The atomic number or nuclear charge number (symbol Z) of a chemical element is the charge number of an atomic nucleus. For ordinary nuclei, this is equal to the proton number ( np) or the number of found in the nucleus of every atom of that element. The atomic number can be used to uniquely identify ordinary chemical elements. In an ordinary electric charge atom, the atomic number is also equal to the number of .
For an ordinary atom, the sum of the atomic number Z and the neutron number N gives the atom's atomic mass number A. Since protons and neutrons have approximately the same mass (and the mass of the electrons is negligible for many purposes) and the mass defect of the nucleon binding is always small compared to the nucleon mass, the atomic mass of any atom, when expressed in unified atomic mass units (making a quantity called the "atomic mass"), is within 1% of the whole number A.
Atoms with the same atomic number but different neutron numbers, and hence different mass numbers, are known as . A little more than three-quarters of naturally occurring elements exist as a mixture of isotopes (see monoisotopic elements), and the average isotopic mass of an isotopic mixture for an element (called the relative atomic mass) in a defined environment on Earth, determines the element's standard atomic weight. Historically, it was these atomic weights of elements (in comparison to hydrogen) that were the quantities measurable by chemists in the 19th century.
The conventional symbol Z comes from the German language word Zahl 'number', which, before the modern synthesis of ideas from chemistry and physics, merely denoted an element's numerical place in the periodic table, whose order was then approximately, but not completely, consistent with the order of the elements by atomic weights. Only after 1915, with the suggestion and evidence that this Z number was also the nuclear charge and a physical characteristic of atoms, did the word Atom zahl (and its English equivalent atomic number) come into common use in this context.
Dmitri Mendeleev claimed that he arranged his first periodic tables (first published on March 6, 1869) in order of atomic weight ("Atomgewicht"). The Periodic Table of Elements, American Institute of Physics However, in consideration of the elements' observed chemical properties, he changed the order slightly and placed tellurium (atomic weight 127.6) ahead of iodine (atomic weight 126.9). The Development of the Periodic Table, Royal Society of Chemistry This placement is consistent with the modern practice of ordering the elements by proton number, Z, but that number was not known or suspected at the time.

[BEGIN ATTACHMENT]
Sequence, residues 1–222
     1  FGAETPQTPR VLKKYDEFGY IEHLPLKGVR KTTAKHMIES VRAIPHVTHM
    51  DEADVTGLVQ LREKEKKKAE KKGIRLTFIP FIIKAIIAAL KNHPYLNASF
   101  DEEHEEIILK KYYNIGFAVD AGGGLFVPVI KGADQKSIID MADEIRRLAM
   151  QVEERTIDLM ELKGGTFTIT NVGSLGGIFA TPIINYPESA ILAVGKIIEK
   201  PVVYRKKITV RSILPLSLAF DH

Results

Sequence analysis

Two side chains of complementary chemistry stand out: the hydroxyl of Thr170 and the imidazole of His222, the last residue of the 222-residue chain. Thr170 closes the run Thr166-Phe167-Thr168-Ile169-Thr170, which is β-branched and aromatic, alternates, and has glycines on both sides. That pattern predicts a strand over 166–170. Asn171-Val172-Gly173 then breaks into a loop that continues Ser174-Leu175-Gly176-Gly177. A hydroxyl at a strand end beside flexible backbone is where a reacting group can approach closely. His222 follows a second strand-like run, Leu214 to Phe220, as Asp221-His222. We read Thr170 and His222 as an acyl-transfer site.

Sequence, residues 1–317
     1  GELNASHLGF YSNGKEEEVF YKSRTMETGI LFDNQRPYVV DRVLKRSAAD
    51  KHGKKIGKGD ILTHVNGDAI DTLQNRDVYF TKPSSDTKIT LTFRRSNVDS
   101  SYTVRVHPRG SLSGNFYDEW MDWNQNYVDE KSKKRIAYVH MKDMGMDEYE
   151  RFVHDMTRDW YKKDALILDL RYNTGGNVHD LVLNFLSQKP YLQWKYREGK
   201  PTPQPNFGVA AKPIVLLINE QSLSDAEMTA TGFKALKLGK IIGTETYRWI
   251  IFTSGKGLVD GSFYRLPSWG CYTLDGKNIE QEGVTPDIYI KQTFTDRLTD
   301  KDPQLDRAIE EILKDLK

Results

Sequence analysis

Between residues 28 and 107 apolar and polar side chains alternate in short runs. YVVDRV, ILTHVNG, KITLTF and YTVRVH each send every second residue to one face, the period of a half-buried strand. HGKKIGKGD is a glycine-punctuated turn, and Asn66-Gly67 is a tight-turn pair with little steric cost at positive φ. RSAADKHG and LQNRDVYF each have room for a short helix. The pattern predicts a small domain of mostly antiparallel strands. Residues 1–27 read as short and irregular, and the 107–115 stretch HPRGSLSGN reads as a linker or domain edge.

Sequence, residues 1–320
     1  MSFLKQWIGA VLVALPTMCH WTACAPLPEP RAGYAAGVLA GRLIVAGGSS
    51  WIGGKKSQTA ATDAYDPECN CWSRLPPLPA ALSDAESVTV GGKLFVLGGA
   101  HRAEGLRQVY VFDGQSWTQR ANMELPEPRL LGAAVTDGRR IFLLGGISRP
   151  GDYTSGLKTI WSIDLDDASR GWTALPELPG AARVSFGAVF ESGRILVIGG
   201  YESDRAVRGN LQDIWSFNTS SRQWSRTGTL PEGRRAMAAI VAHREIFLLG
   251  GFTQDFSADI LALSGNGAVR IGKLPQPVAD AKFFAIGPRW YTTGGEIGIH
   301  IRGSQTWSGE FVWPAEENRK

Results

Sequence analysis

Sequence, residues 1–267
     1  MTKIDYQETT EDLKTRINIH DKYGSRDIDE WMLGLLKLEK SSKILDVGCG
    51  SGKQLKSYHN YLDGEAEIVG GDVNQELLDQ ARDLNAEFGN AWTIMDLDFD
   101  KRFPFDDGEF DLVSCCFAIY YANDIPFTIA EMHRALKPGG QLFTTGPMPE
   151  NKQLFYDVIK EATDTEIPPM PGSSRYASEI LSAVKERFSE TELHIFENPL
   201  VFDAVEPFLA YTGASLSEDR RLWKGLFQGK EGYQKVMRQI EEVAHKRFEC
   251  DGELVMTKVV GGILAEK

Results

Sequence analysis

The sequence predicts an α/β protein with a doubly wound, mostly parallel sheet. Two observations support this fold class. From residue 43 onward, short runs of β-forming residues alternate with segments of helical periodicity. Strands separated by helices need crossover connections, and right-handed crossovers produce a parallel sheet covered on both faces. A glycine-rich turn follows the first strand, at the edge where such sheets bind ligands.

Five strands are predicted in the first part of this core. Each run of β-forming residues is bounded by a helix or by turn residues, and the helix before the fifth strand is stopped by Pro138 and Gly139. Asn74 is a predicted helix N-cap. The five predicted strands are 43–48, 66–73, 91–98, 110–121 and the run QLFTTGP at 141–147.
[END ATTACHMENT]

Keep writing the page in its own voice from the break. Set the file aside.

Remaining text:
A simple numbering based on periodic table position was never entirely satisfactory, however. Besides the case of iodine and tellurium, later several other pairs of elements (such as argon and potassium, cobalt and nickel) were known to have nearly identical or reversed atomic weights, thus requiring their placement in the periodic table to be determined by their chemical properties. However the gradual identification of more and more chemically similar lanthanide elements, whose atomic number was not obvious, led to inconsistency and uncertainty in the periodic numbering of elements at least from lutetium (element 71) onward (hafnium was not known at this time).
To do this, Moseley measured the wavelengths of the innermost photon transitions (K and L lines) produced by the elements from aluminum ( Z = 13) to gold ( Z = 79) used as a series of movable anodic targets inside an x-ray tube. The square root of the frequency of these photons increased from one target to the next in an arithmetic progression. This led to the conclusion (Moseley's law) that the atomic number does closely correspond (with an offset of one unit for K-lines, in Moseley's work) to the calculated electric charge of the nucleus, i.e. the element number Z. Among other things, Moseley demonstrated that the lanthanide series (from lanthanum to lutetium inclusive) must have 15 members—no fewer and no more—which was far from obvious from known chemistry at that time.
In 1917, Rutherford succeeded in generating hydrogen nuclei from a nuclear reaction between alpha particles and nitrogen gas, Ernest Rutherford | NZHistory.net.nz, New Zealand history online. Nzhistory.net.nz (19 October 1937). Retrieved on 2011-01-26. and believed he had proven Prout's law. He called the new heavy nuclear particles protons in 1920 (alternate names being proutons and protyles). It had been immediately apparent from the work of Moseley that the nuclei of heavy atoms have more than twice as much mass as would be expected from their being made of hydrogen nuclei, and thus there was required a hypothesis for the neutralization of the extra protons presumed present in all heavy nuclei. A helium nucleus was presumed to be composed of four protons plus two "nuclear electrons" (electrons bound inside the nucleus) to cancel two of the charges. At the other end of the periodic table, a nucleus of gold with a mass 197 times that of hydrogen was thought to contain 118 nuclear electrons in the nucleus to give it a residual charge of +79, consistent with its atomic number.
A hypothetical Neutronium has also been proposed and would have atomic number 0.